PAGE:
Friday, 16 May 2014

Your questions answered: everything you wanted to know about IGCSEs

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What is an IGCSE and how does compare to a GCSE? Will an IGCSE prepare me for A levels? These are some of the questions we are asked on a regular basis by our learners, and in today’s blog, we‘ll try to answer them.

What does the ‘I’ stand for?

The ‘I’ in IGCSE stands for ‘international’. IGCSEs are qualifications equivalent to GCSEs, except that they will additionally be recognised outside of the UK. This makes them ideal for learners who may be studying from–or wishing to move–abroad. They are written from a more international perspective and their exams have been taken by students from over 120 countries all across the world.

It is also a common misconception that the ‘I’ in IGCSE stands for ‘interactive’, implying an online GCSE or ‘e-GCSE’ that can be studied electronically over the internet. While the IGCSE’s linear structure and emphasis on exams makes it especially suitable for distance learning, the qualification itself does not intend to place more emphasis on use of the internet or electronic devices over other forms of study.

How will IGCSEs be affected by the proposed government changes?

Simply, they won’t. The changes the government is proposing only affect GCSEs, and have no bearing on the international equivalent. The IGCSE also already happens to follow a structure which is quite similar to the proposed new GCSEs, with linear end-of-course exams and less coursework.

Why does NEC offer IGCSEs rather than GCSEs for most subjects?

In short, because the specifications are generally more suitable for distance learning. With a linear structure and a focus on exams, the distance learner is free to study flexibly at their own pace with only an exam to worry about at the end of it. GCSE-style coursework which may involve specialist equipment or laboratory access–something distance learners could find difficult or unaffordable to obtain–is less of an issue with the IGCSE, as it is largely absent altogether.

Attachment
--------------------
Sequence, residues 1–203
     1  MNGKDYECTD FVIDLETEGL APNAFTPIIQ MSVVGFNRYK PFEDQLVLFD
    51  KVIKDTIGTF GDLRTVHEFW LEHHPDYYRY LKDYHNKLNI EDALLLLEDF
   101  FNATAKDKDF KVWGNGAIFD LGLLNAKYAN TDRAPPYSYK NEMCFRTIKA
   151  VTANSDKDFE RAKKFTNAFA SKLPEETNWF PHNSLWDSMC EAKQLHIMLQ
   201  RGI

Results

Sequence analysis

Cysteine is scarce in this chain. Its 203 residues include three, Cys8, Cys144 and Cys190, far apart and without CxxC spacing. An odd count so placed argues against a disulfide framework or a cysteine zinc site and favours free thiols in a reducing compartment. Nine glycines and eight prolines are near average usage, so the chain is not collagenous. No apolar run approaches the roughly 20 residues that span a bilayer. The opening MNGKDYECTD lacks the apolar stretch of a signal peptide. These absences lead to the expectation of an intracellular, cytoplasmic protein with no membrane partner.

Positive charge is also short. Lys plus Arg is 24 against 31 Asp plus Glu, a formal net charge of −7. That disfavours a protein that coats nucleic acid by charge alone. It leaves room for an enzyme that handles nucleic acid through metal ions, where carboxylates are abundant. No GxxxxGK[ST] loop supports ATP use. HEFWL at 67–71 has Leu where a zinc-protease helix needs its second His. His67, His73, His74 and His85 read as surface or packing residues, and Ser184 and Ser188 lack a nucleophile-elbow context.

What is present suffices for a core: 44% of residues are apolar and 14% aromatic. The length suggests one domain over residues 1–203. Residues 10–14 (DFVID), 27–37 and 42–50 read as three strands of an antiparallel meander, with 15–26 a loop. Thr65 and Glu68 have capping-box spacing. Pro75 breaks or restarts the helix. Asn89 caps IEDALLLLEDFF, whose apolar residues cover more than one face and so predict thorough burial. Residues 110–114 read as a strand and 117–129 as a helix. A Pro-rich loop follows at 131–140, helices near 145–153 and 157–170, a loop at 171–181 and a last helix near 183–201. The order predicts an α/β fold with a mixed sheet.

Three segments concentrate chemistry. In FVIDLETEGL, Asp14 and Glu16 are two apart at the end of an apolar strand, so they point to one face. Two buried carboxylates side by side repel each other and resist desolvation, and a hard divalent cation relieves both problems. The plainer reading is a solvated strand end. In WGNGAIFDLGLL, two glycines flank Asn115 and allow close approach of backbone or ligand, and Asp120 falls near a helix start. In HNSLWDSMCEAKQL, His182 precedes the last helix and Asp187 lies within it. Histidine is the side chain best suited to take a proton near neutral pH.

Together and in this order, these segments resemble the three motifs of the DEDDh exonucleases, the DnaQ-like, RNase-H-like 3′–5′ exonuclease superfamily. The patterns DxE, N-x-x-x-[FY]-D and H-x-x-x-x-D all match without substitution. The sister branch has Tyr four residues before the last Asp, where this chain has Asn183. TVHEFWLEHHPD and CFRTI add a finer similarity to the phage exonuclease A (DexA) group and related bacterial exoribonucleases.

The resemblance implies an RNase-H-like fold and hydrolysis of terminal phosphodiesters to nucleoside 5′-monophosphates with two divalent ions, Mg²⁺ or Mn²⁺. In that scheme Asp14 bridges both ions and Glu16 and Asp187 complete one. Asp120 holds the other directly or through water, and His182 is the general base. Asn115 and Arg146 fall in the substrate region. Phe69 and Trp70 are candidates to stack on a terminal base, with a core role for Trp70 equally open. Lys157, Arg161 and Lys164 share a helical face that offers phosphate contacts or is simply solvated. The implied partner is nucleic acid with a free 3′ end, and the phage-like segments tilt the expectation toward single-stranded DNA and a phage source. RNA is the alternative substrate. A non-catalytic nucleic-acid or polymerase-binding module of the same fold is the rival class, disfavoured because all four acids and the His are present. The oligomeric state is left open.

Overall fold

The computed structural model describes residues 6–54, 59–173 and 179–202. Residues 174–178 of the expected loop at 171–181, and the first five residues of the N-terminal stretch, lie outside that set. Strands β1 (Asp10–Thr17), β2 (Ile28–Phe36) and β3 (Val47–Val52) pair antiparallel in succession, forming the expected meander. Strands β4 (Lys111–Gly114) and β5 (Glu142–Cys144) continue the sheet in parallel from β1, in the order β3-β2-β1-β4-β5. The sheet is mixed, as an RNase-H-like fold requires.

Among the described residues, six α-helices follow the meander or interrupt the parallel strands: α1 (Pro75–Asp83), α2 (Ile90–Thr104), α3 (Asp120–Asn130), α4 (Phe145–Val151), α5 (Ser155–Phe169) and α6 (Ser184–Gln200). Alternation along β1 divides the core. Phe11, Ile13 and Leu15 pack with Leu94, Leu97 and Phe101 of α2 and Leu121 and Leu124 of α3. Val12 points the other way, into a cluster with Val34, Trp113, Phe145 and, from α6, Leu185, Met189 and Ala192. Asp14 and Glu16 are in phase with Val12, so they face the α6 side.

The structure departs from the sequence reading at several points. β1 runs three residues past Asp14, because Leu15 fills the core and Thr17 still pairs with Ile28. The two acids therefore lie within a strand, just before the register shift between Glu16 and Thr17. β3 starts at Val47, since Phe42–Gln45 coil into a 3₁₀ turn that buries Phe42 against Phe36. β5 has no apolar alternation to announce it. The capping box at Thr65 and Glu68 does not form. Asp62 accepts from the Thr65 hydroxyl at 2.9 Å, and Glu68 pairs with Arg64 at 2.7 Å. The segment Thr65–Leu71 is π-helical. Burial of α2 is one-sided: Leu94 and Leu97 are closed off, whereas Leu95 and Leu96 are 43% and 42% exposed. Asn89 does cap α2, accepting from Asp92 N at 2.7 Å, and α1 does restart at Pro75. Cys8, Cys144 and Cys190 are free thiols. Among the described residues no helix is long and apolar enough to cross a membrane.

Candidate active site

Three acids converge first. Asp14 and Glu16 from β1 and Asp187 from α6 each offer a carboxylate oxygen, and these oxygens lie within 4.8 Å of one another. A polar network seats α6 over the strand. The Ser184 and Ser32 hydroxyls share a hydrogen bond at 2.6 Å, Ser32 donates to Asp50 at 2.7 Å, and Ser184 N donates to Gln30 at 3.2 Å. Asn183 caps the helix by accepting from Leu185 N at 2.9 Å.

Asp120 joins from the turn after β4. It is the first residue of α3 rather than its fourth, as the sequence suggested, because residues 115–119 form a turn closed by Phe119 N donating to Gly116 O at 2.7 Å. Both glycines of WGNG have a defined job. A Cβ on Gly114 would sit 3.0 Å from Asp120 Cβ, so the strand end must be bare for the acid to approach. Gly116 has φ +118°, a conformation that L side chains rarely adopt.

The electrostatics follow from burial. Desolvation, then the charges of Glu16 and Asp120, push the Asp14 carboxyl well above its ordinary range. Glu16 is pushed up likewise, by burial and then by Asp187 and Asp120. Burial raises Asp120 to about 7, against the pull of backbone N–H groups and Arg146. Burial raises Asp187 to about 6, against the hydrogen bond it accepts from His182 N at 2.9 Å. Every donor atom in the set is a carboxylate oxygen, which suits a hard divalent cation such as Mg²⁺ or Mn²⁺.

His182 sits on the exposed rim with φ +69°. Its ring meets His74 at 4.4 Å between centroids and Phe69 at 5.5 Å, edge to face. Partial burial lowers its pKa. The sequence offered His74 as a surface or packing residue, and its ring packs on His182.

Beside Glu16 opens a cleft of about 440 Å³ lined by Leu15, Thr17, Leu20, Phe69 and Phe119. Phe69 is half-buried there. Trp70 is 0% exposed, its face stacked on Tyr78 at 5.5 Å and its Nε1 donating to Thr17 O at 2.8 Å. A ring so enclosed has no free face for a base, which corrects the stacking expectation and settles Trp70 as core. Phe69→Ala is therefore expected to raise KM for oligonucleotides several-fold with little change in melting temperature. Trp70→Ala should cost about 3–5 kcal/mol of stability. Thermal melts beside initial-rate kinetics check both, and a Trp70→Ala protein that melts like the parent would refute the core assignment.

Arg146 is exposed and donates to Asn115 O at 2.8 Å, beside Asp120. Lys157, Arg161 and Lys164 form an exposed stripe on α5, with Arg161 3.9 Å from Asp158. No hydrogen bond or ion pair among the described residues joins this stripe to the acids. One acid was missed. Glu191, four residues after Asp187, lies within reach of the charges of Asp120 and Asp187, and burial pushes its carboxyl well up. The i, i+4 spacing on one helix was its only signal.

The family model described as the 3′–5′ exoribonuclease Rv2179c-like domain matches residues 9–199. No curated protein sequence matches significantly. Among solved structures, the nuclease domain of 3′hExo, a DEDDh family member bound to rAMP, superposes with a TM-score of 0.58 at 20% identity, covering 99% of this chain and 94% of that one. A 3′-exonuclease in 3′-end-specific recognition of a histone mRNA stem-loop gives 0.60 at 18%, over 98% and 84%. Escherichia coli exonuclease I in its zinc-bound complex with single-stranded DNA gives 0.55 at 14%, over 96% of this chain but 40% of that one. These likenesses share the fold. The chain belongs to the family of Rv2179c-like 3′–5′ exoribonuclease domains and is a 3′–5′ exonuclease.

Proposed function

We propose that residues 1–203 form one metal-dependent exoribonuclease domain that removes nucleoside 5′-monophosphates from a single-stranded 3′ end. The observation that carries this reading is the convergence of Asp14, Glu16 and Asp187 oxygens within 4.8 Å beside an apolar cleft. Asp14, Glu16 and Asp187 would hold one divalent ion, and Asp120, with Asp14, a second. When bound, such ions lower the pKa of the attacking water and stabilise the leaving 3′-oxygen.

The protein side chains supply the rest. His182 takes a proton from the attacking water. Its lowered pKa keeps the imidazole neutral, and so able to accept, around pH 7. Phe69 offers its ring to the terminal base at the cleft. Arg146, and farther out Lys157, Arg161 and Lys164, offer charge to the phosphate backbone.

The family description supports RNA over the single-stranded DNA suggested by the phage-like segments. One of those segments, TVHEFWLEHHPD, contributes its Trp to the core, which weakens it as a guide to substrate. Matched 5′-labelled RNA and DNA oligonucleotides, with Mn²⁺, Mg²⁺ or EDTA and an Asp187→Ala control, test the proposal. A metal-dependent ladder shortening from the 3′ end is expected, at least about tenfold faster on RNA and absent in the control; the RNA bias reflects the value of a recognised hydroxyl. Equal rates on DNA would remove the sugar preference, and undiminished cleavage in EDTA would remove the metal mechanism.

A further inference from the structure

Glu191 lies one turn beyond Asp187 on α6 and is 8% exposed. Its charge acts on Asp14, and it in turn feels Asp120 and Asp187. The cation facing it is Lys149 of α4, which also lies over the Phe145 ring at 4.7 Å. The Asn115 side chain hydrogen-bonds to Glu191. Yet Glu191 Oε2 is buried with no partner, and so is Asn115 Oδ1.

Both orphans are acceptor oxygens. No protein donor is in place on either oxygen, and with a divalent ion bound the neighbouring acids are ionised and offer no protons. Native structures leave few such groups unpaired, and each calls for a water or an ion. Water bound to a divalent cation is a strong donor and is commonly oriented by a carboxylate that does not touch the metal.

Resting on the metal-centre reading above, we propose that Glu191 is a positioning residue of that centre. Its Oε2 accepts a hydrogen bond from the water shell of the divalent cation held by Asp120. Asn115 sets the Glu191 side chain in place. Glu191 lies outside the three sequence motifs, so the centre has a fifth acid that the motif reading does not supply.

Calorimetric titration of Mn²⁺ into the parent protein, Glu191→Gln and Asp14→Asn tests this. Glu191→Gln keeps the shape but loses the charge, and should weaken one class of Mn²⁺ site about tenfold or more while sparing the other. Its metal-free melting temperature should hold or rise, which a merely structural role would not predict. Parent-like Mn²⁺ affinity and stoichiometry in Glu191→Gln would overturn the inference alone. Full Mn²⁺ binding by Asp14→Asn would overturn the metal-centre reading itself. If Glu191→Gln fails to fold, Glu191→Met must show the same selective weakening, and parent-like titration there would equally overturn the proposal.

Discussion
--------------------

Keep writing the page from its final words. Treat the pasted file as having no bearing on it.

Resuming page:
Are IGCSEs recognised in the UK?

Yes! Most universities and employers will recognise them as a direct equivalent to GCSEs and accept them in much the same way. The argument for more use of IGCSEs in schools within the UK is growing in popularity, and internationally the number of countries in which these qualifications are both offered and recognised is also increasing. All in all, the future looks bright for the IGCSE.

Will I be able to go on to A levels or other courses with an IGCSE?

Yes! As we mentioned earlier, most education or training providers will recognise IGCSEs as a direct equivalent to GCSEs, and many of our learners who studied their IGCSEs with us have gone on to do their A levels, successfully applied for university places, or got onto the childcare, midwifery or other essential course they needed to change careers.

If you have something or somewhere specific in mind and you are in any doubt as to whether an IGCSE will get you accepted, you can always give your future education or training provider a call and ask for clarification from them on how they see IGCSEs.

Are IGCSEs ‘better’ then GCSEs?

There isn’t really a direct answer to this question, as it largely depends. For the purposes of having a qualification on your CV it may not matter within the UK, though if you’re heading abroad an IGCSE will probably stand you in better stead. There are those who consider the IGCSE more similar to the old O level qualifications and thus believe them to be more rigorous, but equally the argument can be made that the more coursework-focused, modular GCSE makes for better preparation when it comes to introducing young learners taught in classrooms to the learning styles they will need if they go on to university, or once they move into the workplace (distance learners already gain their independent study skills simply by working through the course, due to the nature of the learning style). Both approaches can therefore be said to be necessary; it comes down to what is more suitable for the learner’s needs given their personal circumstances.

What qualification level is an IGCSE?

IGCSEs follow the same qualification levels as GCSEs. An IGCSE at Grade D to G is a Level 1 qualification, while an IGCSE at Grade A* to C is a Level 2 qualification.

A little something extra in honour of IGCSEs, GCSEs, literacy and numeracy

If you’re one of the many people looking for that essential Level 2 qualification of a Grade C or above in Maths or English, you’ll be pleased to know we have some good news: from now until 31st July we are offering 2 IGCSEs or GCSEs for £500 provided one of the two you choose is English or Maths! You can find out more by visiting our Special Offers page or getting in touch and speaking to our team, who will be happy to answer any questions you may have.

Where can I find out more about IGCSEs?

You can visit our website to browse our full range of flexible distance learning IGCSE and GCSE courses, or you can contact us and speak to our team. You can also find out more by visiting the awarding body websites (specifications and awarding bodies are listed in the detailed course information pages on our website).

I have a question that hasn’t been answered

We would love to hear from you! If you have any further questions send them in to us, or contact our team, and we will be happy to help. You can also reach us on social networking sites such as Facebook and Twitter.

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